As you travel the length of this rocket you venture upon a Lunar Excursion Model or LEM that is also on display underneath the rocket. It was here my day changed in a way I was not expecting. While visiting the Saturn V Center, we came upon the Apollo 1 memorial area. Most people do not know the story about my father being in the block house at LC-34 when the Apollo 1 fire happened. My father, John Howard was on console that fateful day and it is a memory that still resides with him even now. Today at KSCVC, I had a moment that I will remember forever. There is a display at the Saturn V center as a memorial to Apollo 1 and part of the display were badges from those inside the block house at the very moment the tragedy took place. My father’s badge was on the top row.
My father is now 90 years old, and I sent him an image of this display and his badge. He said it looked correct. He mentioned badges were collected at some point in that series of events and now 56 years later, I was seeing it for the first time. Words fail to express the emotions I felt at that moment.
Taking it all in, Maylin and I grabbed a bite at the Moon Rock Café. I talked with my grand-daughter about the history we had seen and how my father was just one piece of this history. Just outside the Saturn V Center is a beautiful monument dedicated to Apollo 11 and the astronauts that made history with Neil Armstrong and Edwin “Buzz” Aldrin being the first to walk on the Moon while Michael Collins orbited the Moon in the command module.
We then returned back to the visitors’ center to see the Space Shuttle Atlantis.
Atlantis, words cannot really convey the majesty and emotions the presentation gives as she is presented to the visitors. Once she is unveiled, it takes a few moments to take in the beauty that is Atlantis. For me personally, Atlantis was probably my personal favorite space shuttle having taken many images of her including those of the day she began her final voyage towards her full retirement.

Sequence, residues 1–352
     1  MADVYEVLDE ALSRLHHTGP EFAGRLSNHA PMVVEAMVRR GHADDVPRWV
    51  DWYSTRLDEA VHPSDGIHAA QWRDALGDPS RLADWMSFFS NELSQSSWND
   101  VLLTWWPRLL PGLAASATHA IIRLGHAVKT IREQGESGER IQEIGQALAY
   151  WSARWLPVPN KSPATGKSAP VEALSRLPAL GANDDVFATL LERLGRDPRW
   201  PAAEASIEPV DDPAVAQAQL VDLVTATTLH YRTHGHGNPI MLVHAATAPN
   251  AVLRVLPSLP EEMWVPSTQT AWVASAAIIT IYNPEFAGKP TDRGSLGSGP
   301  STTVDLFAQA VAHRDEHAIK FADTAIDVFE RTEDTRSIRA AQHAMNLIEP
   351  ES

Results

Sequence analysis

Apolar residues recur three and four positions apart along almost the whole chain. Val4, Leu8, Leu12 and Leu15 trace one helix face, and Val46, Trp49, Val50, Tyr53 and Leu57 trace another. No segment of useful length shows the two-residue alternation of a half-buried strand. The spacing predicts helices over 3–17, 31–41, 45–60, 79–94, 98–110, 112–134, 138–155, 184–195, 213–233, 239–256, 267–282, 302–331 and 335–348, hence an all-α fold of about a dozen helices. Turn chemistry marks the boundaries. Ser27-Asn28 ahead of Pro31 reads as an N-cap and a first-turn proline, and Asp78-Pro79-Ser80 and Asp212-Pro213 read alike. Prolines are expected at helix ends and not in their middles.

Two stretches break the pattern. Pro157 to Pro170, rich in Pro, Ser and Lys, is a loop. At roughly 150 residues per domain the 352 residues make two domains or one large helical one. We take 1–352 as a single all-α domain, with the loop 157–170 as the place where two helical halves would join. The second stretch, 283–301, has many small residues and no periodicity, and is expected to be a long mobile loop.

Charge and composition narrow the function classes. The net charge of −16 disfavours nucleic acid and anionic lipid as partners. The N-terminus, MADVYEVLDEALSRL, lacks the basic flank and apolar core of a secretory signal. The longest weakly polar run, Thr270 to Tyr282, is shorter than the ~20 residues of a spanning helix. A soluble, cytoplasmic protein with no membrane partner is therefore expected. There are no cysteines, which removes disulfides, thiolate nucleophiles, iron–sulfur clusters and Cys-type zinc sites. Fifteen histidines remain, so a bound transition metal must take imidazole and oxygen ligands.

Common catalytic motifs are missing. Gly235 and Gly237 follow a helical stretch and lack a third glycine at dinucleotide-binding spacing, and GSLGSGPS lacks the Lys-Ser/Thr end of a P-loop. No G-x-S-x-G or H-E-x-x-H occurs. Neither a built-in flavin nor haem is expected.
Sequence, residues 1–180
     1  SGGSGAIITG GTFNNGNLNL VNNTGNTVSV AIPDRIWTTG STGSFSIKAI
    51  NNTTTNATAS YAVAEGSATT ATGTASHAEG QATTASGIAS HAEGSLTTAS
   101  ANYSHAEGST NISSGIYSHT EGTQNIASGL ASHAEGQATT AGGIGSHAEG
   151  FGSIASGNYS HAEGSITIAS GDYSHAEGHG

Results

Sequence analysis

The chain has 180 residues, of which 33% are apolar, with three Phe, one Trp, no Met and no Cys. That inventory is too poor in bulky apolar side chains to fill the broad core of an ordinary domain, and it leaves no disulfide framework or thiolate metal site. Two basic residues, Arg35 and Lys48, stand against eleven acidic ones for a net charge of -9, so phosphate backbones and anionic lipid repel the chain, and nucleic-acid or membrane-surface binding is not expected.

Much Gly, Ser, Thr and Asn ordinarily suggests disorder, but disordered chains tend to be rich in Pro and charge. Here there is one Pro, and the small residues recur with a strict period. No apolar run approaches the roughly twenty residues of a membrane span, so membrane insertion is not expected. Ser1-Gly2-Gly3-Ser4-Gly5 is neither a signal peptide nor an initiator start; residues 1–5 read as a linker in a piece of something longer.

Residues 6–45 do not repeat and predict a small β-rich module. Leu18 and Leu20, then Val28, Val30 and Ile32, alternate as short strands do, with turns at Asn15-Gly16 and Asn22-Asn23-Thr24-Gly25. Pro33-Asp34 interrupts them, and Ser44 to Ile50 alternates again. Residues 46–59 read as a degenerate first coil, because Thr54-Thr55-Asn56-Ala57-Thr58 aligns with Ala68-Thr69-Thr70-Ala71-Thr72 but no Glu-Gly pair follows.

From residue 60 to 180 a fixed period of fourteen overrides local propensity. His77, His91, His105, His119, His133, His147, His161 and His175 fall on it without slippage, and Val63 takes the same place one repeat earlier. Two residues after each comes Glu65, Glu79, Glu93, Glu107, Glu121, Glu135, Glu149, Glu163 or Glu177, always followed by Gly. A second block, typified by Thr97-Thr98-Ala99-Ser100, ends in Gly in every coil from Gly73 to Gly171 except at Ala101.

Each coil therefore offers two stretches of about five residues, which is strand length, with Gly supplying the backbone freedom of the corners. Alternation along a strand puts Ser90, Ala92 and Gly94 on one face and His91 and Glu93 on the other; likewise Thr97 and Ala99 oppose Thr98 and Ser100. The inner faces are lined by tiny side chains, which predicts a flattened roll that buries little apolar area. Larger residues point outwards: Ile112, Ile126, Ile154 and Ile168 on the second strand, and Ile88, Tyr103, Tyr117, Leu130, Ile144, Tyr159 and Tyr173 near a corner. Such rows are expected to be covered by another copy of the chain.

To see Atlantis in this way is simply extraordinary. She is so close, you really have the feeling you can reach out and touch this amazing wonder of space travel and ponder on those that flew it. This is not the only experience inside the Atlantis exhibit; there is an area of a true quiet thought, a place of honor and reflection, Forever Remembered, a memorial for the astronauts of Challenger and Columbia who lost their lives in the pursuit of space. There are exhibits for each astronaut and two recovered items of Challenger and Columbia. For Maylin, it gave me the opportunity to share again the challenges and sacrifices sometimes made for those who have committed and given their all.
One last stop for us was the Journey to Mars. This exhibit showcases the exploration of Mars where you can see some full scale rovers that have made the journey to the Red Planet.
Our time at the KSCVC was coming to an end and we agreed it was a very special day for both of us. We both took away many memories and moments that will last for years to come for each of us. We will certainly be back and share new memories.